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Charles VII of Sweden

King Charles as shown on his seal

Charles VII (actually Charles I)[1][2] or Carl, Swedish: Karl Sverkersson, (c. 1130 – 12 April 1167), was ruler of Gothenland, and then King of Sweden from circa 1161 to 1167, when he was assassinated.

He is the first historically known king of Sweden by the name of Karl, but use of Charles VII is widespread (see notes).

Contents

  • Life 1
  • Family 2
  • Notes 3
  • References 4

Life

The son of Sverker I, Charles had rivalled Eric IX of Sweden (whom later generations dubbed martyr and saint) and held some power in Gothenland ("jarlship") already during Eric's reign. It has been claimed that Eric's murder by minions of their rival Magnus Henricson was also backed by Charles.

After the fall of Magnus, Charles received general recognition in Sweden as king. It was also during his reign that the Archbishop of Uppsala was established.

In the spring of 1167, King Charles was killed on the island of Visingsö by supporters of Knut Eriksson, head of the rival Eric dynasty, who overtook the throne. Charles was buried in Alvastra monastery.

Starting from Charles' death, his kinsmen (probably his half-brothers) Boleslaw and Kol together opposed Canute's kingship and were rival kings, recognized in some Gothenlander parts of Sweden; but last of them was killed in 1173, after which Canute's government got recognized overall.

Family

Charles' wife was Christina Hvide, a Danish lady, daughter of Stig Hvitaleder, a Seelander magnate, and his wife who was sister of Valdemar I of Denmark.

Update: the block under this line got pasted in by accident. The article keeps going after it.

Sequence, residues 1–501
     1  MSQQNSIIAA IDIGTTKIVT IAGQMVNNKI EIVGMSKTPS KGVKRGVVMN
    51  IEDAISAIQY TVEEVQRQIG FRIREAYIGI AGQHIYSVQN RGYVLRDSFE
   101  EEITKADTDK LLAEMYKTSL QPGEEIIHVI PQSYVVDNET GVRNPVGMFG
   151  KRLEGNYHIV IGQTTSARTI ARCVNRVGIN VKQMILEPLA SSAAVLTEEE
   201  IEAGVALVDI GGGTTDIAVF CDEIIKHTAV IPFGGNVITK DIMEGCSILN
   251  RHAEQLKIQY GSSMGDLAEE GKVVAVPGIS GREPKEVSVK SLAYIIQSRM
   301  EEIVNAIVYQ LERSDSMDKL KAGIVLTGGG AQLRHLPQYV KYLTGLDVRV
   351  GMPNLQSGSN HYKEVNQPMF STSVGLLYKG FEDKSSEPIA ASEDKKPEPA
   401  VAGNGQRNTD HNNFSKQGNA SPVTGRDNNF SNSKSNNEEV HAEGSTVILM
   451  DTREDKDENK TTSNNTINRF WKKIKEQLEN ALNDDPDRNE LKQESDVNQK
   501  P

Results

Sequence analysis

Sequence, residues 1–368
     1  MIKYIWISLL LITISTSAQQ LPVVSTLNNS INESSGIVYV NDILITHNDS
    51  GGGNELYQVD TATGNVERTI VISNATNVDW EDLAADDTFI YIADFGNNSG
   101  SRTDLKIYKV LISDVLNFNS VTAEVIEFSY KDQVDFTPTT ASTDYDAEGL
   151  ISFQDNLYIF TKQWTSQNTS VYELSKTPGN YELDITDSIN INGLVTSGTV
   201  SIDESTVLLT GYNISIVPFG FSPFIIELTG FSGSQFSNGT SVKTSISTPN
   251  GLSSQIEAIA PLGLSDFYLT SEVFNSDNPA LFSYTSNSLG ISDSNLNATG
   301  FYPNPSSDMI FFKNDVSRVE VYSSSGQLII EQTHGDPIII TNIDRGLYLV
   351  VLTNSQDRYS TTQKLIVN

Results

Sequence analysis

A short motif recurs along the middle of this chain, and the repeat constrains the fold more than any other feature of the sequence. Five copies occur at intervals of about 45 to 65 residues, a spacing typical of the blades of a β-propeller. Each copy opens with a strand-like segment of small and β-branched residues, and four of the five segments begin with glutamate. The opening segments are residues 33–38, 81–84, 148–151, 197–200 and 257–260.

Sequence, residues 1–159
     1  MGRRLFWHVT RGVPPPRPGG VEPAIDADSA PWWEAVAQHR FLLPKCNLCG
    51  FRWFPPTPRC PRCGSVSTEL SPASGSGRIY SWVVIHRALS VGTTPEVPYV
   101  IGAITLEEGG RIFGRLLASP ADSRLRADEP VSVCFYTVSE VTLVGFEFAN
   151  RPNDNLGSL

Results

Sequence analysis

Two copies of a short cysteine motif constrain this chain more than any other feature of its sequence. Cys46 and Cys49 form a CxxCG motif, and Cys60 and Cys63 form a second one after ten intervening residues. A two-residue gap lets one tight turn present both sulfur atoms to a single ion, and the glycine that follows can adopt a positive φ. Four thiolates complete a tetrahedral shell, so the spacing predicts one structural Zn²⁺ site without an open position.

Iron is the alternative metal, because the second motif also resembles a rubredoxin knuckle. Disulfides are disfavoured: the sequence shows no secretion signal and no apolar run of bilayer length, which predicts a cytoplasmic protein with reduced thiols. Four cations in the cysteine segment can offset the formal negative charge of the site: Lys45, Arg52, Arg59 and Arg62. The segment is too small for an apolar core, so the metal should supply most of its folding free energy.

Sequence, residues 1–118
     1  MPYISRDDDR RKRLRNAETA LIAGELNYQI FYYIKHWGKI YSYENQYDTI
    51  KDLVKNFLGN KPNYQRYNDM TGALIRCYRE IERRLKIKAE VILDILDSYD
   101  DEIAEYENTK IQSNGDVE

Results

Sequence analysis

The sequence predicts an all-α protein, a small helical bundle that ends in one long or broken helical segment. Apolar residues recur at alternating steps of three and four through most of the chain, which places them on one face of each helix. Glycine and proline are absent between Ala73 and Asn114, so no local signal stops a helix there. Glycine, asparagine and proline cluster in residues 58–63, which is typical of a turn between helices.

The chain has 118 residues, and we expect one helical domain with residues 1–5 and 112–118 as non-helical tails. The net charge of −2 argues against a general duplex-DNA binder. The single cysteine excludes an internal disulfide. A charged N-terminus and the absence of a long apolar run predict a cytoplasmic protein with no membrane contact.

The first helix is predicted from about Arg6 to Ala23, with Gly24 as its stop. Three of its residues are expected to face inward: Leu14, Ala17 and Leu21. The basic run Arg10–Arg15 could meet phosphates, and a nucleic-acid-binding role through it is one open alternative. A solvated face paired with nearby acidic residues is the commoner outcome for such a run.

Their sole historically attested child was Sverker Karlsson, a young boy when Charles died, and who later was elected King Sverker II of Sweden (1195–1208/10) after the death of Charles's rival king Canute I.[3]

Notes

  1. ^ This was the first Swedish king by the name of Charles (Karl). Charles VII is a posthumous invention, counting backwards from Charles IX (1604–1611) who adopted his numeral according to a fictitious history of Sweden. Six others before Charles Sverkersson are unknown to any sources before Johannes Magnus's 16th century book Historia de omnibus gothorum sueonumque regibus, and are considered his invention. The first Swedish monarch of the name to actually use a regnal number was Charles II (later retrospectively renumbered VIII), on his queen's tombstone (1451) at Vadstena.
  2. ^ Article Karl in Nordisk familjebok
  3. ^ Lindström, p 267

References

  • Lindström, Fredrik; Lindström, Henrik (2006). Svitjods undergång och Sveriges födelse (in Swedish). Albert Bonniers förlag.  
Karl Sverkersson
Born: c. 1130 Died: April 12 1167
Regnal titles
Preceded by
Magnus II
King of Sweden
1161–1167
Succeeded by
Canute I
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